When it comes to hospitality design, there is so much beyond what meets the eye. Your client is expecting you to develop a concept that will please people of all ages, people from across the world, and create an environment that's enjoyable for employees to work in. The real question is, where does one even begin? Many projects later, and much trial and error, we have a few suggestions to get your wheels turning before you start your next project.
Comfort: Comfort should always be at the forefront of our minds. While we want to achieve both style and comfort, make sure you never sacrifice comfort for aesthetic. Yes, those barstools will look excellent at the bar, but without backs, our customers will not be able to sit comfortably for more than fifteen minutes. Ideally, you want to always keep your guests in mind when furnishing a hotel, because it's about creating a space that they can call home for a few days.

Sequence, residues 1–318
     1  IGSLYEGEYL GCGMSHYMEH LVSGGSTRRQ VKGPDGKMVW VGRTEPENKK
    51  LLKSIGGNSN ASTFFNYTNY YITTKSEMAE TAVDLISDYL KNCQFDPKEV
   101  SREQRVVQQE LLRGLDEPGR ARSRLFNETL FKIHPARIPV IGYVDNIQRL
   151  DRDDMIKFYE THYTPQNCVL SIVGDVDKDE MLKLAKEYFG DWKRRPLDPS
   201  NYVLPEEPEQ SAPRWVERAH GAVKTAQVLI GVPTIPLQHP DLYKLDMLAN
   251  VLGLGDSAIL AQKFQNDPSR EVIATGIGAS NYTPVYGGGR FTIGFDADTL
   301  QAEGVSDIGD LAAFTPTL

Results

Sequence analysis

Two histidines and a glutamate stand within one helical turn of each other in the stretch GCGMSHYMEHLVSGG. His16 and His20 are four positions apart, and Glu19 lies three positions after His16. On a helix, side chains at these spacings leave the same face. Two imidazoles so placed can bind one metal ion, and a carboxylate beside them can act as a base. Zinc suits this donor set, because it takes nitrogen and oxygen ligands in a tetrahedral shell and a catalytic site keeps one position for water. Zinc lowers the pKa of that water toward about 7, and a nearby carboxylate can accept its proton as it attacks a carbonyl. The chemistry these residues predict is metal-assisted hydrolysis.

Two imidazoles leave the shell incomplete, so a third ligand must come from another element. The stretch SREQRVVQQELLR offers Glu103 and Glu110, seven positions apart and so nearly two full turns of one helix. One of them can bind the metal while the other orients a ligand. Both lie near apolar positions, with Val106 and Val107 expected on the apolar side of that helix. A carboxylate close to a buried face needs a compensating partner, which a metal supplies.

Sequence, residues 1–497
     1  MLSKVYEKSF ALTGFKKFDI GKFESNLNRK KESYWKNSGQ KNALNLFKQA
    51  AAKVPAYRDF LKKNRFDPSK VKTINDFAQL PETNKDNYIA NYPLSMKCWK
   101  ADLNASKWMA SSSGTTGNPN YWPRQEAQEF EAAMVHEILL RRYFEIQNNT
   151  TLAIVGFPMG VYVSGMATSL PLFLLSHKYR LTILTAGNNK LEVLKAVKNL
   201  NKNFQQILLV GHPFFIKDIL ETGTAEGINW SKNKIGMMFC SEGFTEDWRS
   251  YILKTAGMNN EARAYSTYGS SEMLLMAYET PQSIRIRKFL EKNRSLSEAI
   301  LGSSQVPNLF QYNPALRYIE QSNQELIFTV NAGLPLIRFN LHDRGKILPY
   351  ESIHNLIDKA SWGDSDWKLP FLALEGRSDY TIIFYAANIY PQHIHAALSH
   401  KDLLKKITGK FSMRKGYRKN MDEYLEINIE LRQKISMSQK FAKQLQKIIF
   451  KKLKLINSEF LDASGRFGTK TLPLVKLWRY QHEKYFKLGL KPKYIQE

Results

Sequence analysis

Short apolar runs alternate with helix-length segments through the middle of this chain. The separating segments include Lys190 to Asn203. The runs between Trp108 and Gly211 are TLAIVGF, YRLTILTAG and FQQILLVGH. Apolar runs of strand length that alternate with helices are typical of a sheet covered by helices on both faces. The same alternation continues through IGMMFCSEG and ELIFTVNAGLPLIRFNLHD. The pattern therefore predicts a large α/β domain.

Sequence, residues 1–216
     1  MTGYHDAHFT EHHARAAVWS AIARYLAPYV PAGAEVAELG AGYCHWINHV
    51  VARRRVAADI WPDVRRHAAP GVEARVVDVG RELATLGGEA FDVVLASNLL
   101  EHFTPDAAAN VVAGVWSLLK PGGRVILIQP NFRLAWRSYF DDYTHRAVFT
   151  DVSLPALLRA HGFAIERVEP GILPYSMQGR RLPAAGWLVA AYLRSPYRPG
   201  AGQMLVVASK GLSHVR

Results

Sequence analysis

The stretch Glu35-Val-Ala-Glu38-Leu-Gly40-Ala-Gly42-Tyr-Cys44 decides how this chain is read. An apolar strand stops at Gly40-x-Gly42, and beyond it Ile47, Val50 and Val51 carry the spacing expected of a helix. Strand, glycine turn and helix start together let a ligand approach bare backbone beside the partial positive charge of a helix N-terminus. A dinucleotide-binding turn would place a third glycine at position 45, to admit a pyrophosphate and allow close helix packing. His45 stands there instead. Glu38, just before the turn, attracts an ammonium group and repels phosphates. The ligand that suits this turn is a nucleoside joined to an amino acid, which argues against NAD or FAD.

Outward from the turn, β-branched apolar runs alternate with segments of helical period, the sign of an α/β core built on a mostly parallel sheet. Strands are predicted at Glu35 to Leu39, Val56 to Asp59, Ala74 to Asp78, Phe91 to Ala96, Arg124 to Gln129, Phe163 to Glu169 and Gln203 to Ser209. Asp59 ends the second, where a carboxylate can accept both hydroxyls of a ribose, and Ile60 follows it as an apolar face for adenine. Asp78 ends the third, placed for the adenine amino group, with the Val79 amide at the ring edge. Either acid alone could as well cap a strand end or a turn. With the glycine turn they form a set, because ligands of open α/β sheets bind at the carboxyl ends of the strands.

Message: As a designer, when you begin a new project you must learn your client. Every business owner has a message and it's important for you to be aware of their values and mission of the space you are going to work in. If your client has an eco-friendly business, it might not make sense to use all-wood furniture that was milled from forest trees when you could instead aim for recycled or repurposed materials. Design goes as far as taking these specific things into consideration and working to build off their already established aesthetic.
Cleanability: Guests always expect hospitality to be clean. Let's face it, dirty furniture reminiscent of a stranger’s touch is anything but welcoming. When you select your decor, whether it’s a rug, duvet, or cushioned chair, it’s essential that it is easy to clean and mend. This is especially important in any dining spaces where food and wine may stain the decor.
Accessible placing: This point comes from a recent experience of mine. I walked into a luxurious hotel bathroom and was in awe. It was huge, with gorgeous mood lighting, soft plush rugs, gold plated fixtures...but you could not reach the toilet paper from the toilet or the towels from the shower. Make sure that your spacing makes sense. Common sense is more important than aesthetic.
When you work in the hospitality industry, your number one priority is the customer. No matter how creative or innovative your designs – if you don’t provide customers with a wonderful and comfortable experience, business will suffer. If you're looking to bring a refreshing look to your hotel, email us at: email@example.com